Darwin Property Blog
Posted on 29 March, 2018 in Landlords , Rentals

No Vacancy: What to Do Before a Tenant Moves into Your Property

No Vacancy: What to Do Before a Tenant Moves into Your Property

Congratulations - you've just signed a lease contract with a new tenant and they are ready to move in right away. While it may be tempting to allow them to move in immediately to start bringing in rental income, there are some steps to take before the property is move-in ready. Neglecting these steps can put you at risk of complications in the future, so be sure to take the time to set yourself up for success.

Conduct a Thorough Inspection

Before a new tenant moves in, inspect all aspects of your property, so you know what condition it was in at the start. This way, you'll know if any damages already exist or are the result of your past tenant's actions. This knowledge will come in handy if there are any discrepancies when the current tenant moves out.

Complete Repairs

Your inspection may turn up some things you need to repair before your new tenant moves in, so get these repairs done as quickly as possible. You want to ensure that everything is safe and functional for your tenant. You can manage the repairs yourself or have your property manager handle this task for you. 

Restricted Keys

Even if you've got all of the keys back from the previous tenant, you have no way of knowing if they made any copies or gave any away to friends, family members or tradies. For the security of your property and the safety of your tenant, it is best to install new locks before moving day. 

Go Over Property Rules and Lease Terms

You may have provided all the necessary information to your new tenant in writing, but there is no way to guarantee they will read and remember everything. To ensure your tenant understands what is expected of them as a resident, take the time to walk them through the most important points. Be sure to talk about:

  • Pet policies.
  • Rent due dates.
  • Submitting maintenance requests.
  • Quiet hours.
  • Anything else you deem critical. 

Collect the First Month's Rent and Bond

Have your tenant pay the first rental period and a bond/security deposit. You'll need the security deposit to cover any issues your tenant may cause during their tenancy. Collect the money when your tenant signs the lease agreement. That way you can ensure they are serious about renting your property and able to pay.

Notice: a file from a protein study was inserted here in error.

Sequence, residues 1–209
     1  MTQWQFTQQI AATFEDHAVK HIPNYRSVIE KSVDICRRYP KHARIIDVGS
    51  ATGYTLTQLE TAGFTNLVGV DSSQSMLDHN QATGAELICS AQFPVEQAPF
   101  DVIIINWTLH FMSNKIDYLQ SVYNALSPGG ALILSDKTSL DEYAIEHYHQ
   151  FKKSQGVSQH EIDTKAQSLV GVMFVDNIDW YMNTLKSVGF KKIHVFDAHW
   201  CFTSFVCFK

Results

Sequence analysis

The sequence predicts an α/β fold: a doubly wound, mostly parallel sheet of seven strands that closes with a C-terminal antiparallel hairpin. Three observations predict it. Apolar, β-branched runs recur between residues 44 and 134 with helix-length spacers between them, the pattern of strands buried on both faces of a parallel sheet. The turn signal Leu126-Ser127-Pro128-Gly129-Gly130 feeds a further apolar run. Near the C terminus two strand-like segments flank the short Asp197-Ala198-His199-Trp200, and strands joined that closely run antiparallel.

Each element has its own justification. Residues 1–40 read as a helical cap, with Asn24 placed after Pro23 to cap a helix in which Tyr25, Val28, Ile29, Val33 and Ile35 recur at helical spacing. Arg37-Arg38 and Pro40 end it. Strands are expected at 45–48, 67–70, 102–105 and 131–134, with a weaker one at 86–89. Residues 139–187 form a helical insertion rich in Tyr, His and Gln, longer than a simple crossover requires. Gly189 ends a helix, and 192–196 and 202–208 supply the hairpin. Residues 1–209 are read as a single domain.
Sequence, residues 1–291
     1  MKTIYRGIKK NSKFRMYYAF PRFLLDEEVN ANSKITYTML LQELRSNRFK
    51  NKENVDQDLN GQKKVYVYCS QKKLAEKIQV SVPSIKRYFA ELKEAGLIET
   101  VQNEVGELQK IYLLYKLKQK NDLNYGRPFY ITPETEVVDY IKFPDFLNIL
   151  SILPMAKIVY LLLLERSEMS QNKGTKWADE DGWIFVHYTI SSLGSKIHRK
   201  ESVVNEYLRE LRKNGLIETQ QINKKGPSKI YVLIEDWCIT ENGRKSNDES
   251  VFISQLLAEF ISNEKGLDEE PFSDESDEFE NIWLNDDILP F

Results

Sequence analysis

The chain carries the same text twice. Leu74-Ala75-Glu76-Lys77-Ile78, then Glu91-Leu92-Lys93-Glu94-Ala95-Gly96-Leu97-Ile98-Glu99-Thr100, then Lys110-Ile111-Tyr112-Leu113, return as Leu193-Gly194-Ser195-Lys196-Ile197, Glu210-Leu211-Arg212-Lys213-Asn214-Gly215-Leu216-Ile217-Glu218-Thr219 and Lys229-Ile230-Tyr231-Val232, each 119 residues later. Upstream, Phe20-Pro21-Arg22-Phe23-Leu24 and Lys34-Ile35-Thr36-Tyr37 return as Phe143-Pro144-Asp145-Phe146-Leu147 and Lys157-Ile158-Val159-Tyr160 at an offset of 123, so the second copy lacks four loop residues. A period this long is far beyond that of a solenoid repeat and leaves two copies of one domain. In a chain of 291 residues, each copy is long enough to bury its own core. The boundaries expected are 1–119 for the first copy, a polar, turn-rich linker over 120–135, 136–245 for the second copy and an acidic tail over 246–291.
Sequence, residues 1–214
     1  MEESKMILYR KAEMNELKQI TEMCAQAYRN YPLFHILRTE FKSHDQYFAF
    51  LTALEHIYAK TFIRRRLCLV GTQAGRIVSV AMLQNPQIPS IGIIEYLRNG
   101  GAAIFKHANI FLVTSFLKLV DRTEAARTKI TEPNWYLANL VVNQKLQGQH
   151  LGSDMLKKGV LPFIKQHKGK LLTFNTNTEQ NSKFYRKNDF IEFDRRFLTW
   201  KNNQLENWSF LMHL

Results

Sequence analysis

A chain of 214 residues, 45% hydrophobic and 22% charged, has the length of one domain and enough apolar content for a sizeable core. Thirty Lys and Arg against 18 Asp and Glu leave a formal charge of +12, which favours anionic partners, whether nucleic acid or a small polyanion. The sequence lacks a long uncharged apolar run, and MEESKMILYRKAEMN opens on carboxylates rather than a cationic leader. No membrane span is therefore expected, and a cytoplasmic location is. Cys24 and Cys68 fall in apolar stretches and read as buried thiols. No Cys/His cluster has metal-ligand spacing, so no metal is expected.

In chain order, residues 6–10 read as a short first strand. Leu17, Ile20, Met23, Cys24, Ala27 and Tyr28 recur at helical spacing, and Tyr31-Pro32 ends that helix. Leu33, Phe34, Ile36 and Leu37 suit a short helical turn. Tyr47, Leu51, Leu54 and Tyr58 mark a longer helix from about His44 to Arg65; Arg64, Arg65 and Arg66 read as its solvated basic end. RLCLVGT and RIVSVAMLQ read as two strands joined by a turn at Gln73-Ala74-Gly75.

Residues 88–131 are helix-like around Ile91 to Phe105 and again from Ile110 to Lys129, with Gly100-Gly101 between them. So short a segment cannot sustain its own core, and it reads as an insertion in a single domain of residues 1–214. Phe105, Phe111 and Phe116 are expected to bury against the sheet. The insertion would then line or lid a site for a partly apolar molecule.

Provide Contact Information

Your tenant will need to get in touch with you or your property manager multiple times during their tenancy. Be sure to provide them with your information from the start. Your tenant shouldn't have to scramble to find your contact details during a maintenance emergency or other critical issue. Make yourself or your property manager as accessible as possible. Your tenants should always be able to get in touch whenever they need to with ease.

Take a Deep Breath and Relax

Finding suitable tenants is often the hardest part of managing rental properties, so take a breath now that it's over. Shift your focus on keeping your tenants happy. With any luck, they'll want to stay in your property for quite a while. This will save you from having to go through the tenant search process again soon.

Keep your property in good condition and respond to tenants in promptly. This way, your tenant will be more likely be content renting from you. You will also be able to reap the rewards of having top-notch, long-term tenants. With just a little more effort, you'll keep your property safe from damage and full of happy tenants, too.

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